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Artist Statement

“I'll be with you

When the man in you dies

When every stare glazes over

And the oceans rise”

  • Indigo de Souza


I love being around people, even when it makes me nervous. I love being around those I’m closest to, more specifically, which also sometimes makes me nervous. 


I used to think that photographing people was nearly impossible, and that I would never be able to capture another person justly. I have always known that I love taking photos of people, but no matter how long I would spend taking photos of a single person, I was never satisfied with the results. I realized after a few years, however, that my problem with portraiture had less to do with my skill set as a photographer, and more to do with my ability to connect with people. 


For a lot of my teenage years, I felt some discomfort around other people, which I suppose is normal for your teens. What manifested differently from the average social awkwardness, however, stemmed from a greater sense of blind turmoil, surrounding both my gender and sexuality. I was born female, but have always felt pressure to be a man. 


My confusing dynamic with gender began when I was very young, around the same time I started to perceive things. Now that I am 23, not much has changed with regards to my confusion. Everyday, I ask myself basically the same question, along the lines of: “What is an appropriate way to express my deep lack of understanding for gender presentation?” While I don’t wish to be cisgender, I do wish that I could understand the comfort of it.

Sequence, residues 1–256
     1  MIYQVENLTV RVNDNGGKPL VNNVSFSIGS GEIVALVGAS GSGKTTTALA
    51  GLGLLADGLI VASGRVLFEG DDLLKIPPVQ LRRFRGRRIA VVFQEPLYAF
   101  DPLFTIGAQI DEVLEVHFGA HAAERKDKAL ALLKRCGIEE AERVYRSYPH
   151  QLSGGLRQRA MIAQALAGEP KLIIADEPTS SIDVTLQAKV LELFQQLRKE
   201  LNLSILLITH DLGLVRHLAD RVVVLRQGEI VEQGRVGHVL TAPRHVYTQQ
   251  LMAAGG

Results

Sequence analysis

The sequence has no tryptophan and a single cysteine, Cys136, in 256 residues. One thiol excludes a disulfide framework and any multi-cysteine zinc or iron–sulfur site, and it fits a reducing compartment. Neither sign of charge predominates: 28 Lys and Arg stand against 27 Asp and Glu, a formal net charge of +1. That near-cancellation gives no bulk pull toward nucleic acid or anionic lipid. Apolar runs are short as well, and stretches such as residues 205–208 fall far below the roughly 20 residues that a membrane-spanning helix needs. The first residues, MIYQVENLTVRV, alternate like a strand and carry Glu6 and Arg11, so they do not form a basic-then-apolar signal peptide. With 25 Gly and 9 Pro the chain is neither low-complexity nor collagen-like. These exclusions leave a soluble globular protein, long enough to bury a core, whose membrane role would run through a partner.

Ever since I started making photos of my trans peers, I have begun to find some cushion within my relationship to gender. I am starting to understand a sense of comfort in my transness. My similarly complicated relationship with photography has often lent itself to my confusion. Emotional clarity hopefully and eventually comes after the legitimate labor of trying to accept oneself.


Being a part of the queer/trans community is a privilege and it pushes me to see more clearly. The people I love are the lens through which I see almost everything, and are the ones whom I rely on for a safe space. I want to be able to share the immense intimacy and trust that goes into queer relationships, and how each relationship that I’ve cultivated in my life is a representation of that work. I aim to acknowledge and capture the depths of self acceptance that each trans person I know has struggled to hold.

Kat McLane

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